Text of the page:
A senior Brit MP has written to Fujitsu demanding answers from the company over its role in the Horizon IT system scandal that has rocked the nation's Post Office.
Darren Jones, Labour MP and chairman of Parliament's Business, Energy and Industrial Strategy Committee, wrote to Fujitsu and the Post Office on Wednesday to raise the issue of the strife sub-postmasters have been put through at the hands of the software.
In the early 2000s, the Post Office commissioned the new IT system, with the technical responsibility for it resting with Fujitsu. Horizon, an accounting system deployed in post offices across the UK, contained fatal flaws that generated false records; the system would wrongly record huge deficits in sub-postmasters' takings that did not exist.
Under the well-known principle of "computer says no," the Post Office and Fujitsu ignored problems with the system and lashed out at sub-postmasters who complained when the Post Office ordered them to make up these fictitious shortfalls out of their own pockets. Some were lucky; Fujitsu and Post Office technicians remotely accessed accounts to correct the balances, unknown to the sub-postmasters.
Others who refused to accept the Fujitsu and Post Office version of events were privately prosecuted by the Post Office, using evidence provided by Fujitsu, and jailed. In 2015 a Post Office spokesman flatly denied the problems to The Register, claiming "there have been exhaustive investigations which have not found any evidence of systemic problems with the Horizon system."
Jones wrote in a letter published (PDF) on the Parliamentary website: "The Committee's evidence session on 24 March on the Post Office and Horizon was postponed due to the COVID-19 lockdown. However, the Committee is keen to hear from the witnesses who were scheduled to appear and I would therefore be grateful if you could answer the following questions."
Among other things, Jones asked whether Fujitsu accepted "that there were some major issues with Horizon" and asked how the firm dealt with them. Referring to a settled High Court lawsuit, he also wrote: "The Judge established that there were errors and bugs within Horizon and that remote access to Horizon terminals was possible and transactions could be changed without a sub-postmaster knowing… Why did it take a highly expensive court case to establish these facts?"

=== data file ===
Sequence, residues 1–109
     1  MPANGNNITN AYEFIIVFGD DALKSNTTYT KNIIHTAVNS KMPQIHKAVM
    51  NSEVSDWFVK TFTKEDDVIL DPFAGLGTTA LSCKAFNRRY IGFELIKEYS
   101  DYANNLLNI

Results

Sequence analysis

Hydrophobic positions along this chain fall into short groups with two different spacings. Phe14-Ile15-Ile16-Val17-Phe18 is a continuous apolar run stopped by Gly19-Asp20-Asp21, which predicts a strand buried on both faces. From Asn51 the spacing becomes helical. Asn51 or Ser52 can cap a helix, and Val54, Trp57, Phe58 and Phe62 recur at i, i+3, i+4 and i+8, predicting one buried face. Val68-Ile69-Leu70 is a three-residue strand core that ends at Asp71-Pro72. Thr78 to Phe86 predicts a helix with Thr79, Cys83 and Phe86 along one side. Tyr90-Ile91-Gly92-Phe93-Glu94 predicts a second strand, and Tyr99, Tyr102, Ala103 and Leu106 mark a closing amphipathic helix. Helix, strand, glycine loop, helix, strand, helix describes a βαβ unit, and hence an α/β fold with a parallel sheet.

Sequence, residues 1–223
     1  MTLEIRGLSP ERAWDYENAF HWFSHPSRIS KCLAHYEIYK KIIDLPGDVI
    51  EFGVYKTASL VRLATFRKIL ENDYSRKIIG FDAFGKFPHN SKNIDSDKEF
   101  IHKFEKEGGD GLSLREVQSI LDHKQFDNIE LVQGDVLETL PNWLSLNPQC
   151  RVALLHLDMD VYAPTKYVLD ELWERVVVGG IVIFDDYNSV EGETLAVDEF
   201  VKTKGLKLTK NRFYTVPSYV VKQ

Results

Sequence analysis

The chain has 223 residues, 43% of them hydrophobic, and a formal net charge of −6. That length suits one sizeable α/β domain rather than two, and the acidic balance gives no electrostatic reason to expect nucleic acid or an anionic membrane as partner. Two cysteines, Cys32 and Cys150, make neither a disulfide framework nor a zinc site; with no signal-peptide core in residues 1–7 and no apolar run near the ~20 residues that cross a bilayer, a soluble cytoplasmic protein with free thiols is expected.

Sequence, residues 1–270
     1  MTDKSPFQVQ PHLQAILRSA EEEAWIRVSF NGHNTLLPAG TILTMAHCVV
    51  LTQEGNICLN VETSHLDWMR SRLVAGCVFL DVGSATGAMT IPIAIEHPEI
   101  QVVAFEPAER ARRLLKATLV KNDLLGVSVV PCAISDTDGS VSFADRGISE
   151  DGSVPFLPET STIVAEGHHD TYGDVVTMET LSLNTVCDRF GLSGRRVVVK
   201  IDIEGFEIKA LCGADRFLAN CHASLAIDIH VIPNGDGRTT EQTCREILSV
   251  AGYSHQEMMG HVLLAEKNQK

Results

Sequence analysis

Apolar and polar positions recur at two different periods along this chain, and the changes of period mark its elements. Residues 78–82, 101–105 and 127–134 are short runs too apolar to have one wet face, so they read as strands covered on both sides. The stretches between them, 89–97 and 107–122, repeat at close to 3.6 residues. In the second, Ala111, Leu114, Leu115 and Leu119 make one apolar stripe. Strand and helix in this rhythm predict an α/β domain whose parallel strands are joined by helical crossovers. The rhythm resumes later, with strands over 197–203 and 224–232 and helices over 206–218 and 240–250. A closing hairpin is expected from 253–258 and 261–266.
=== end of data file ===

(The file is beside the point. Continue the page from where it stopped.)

Fujitsu said in a statement to The Register: "Fujitsu takes the judgement in the second trial of the Post Office Group Litigation very seriously. While Fujitsu was not a party to the litigation, we are conducting a thorough process to review the court's statements in detail. As a long-term partner to UK public and private sector organisations, Fujitsu is dedicated to supporting our customers, our employees and the people they serve in the UK."
The Criminal Cases Review Commission is slowly referring convicted sub-postmasters' cases to the Court of Appeal, 47 having been sent to senior judges for review so far. In a recent statement the body said: "All of the CCRC referrals so far are being made on the basis of an abuse of process argument concerning issues with the Post Office's Horizon computer system which may have had an impact on the safety of the convictions."
The episode has also triggered a wider review into corporate private prosecutions brought by companies who are "victim, investigator and prosecutor."
While such a review will certainly not change anything – it would disrupt BBC TV Licensing and train companies, to name but two, if private prosecution powers were taken off them – it will cause further discomfort to Post Office managers. ®